Author: Tourism HR Canada

2021 is the start of a long recovery for the tourism industry, and it will be hampered by a shortfall of workers.

The sector has faced a very difficult year and the long road to recovery will continue to be difficult to navigate. 2021 looks promising, filled with renewed hope and optimism especially now that vaccines are available. Government relief programs have been a true lifeline for many businesses. The reliance on these programs and the need for additional supports—including those tied to the workforce—will be especially important for recovery.

The federal government announced sector-specific support measures in the Fall Economic Statement (presented on November 30), and we are anticipating additional measures along with a new Tourism Recovery Strategy. Provincial and national tourism associations continue to be responsive as they recalibrate recovery strategies and anticipate further programs to help tourism businesses remain solvent and, increasingly, to help businesses evolve and learn to thrive in a new economic reality. Tourism HR Canada’s focus has been on the workforce and what’s needed to help develop a dynamic, inclusive, and resilient workforce.

Tourism HR Canada has been looking closely at the impacts of COVID on the workforce, and the fallout on GDP and consumer confidence. Our other research is focused on labour projections based on COVID recovery scenarios. The data is informing new recommendations on policies and programs to help the sector restart its workforce, captured in four themes: Skills, Supply, Sentiment, and Strategy.

Investments in skills are essential. Businesses must optimize their workforce by ensuring workers are versatile and adaptable to a range of work contexts, equipped with transferable skills and new skills that enable businesses to transform their business and operational models. In 2021, Tourism HR Canada will be expanding its online free training for businesses, along with additional resources and tools to help owners or operators tackle new operational challenges. Industry is asking for assistance with product development, business innovation, use and integration of new technology (operational/staff, consumer support, social media), strategies for business stability and risk management, and much more.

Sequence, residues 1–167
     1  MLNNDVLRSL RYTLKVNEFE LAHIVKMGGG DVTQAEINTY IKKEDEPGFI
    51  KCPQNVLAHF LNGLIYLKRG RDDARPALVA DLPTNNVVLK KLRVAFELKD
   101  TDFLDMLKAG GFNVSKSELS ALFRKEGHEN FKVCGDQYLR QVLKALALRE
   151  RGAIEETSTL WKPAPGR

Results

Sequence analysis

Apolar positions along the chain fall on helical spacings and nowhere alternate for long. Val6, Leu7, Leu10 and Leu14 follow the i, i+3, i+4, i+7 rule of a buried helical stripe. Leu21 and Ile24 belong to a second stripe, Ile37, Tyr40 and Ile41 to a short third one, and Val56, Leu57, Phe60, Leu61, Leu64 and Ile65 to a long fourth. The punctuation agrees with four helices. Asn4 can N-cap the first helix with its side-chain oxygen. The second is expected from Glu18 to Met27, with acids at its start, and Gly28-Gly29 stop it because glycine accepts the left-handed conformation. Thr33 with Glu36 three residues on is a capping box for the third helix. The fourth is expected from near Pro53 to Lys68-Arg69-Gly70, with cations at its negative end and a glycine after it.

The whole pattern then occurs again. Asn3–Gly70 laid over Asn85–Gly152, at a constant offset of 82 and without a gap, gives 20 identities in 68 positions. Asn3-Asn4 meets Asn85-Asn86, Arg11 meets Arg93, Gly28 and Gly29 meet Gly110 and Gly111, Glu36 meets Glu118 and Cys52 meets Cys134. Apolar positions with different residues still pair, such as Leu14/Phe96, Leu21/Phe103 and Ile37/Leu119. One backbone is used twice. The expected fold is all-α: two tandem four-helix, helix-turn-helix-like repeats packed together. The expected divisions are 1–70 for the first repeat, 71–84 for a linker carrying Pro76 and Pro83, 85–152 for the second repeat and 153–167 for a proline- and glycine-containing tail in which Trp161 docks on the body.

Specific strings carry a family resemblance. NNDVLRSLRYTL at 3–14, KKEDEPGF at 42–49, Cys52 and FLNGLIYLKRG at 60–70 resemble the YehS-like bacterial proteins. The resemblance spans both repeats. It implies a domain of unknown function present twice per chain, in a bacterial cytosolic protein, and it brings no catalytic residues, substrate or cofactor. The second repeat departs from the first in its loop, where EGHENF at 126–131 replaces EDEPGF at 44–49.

Tourism is facing staggering employment losses that far exceed the overall economy, and projections suggest that these losses will hamper the ability of the sector to rebound and recover from COVID.

The shortfall of workers will be a great challenge. New strategies and government support will be needed to help strengthen worker retention strategies. In addition to continued wage subsidies that help hold on to workers, the sector must focus on recalling furloughed workers and seeking to attract new workers. Although it may seem premature to start expanding on the supply of workers while many businesses remain shuttered or at reduced capacity, the sector must have ready, skilled workers that can quickly be deployed to help it respond to market demands. The longer the delay in rebuilding the supply of qualified workers, the more difficult and increasingly competitive it will be to attract workers. A shortfall of workers impacts the ability of businesses to meet visitor demand, both in terms of capacity and quality of services.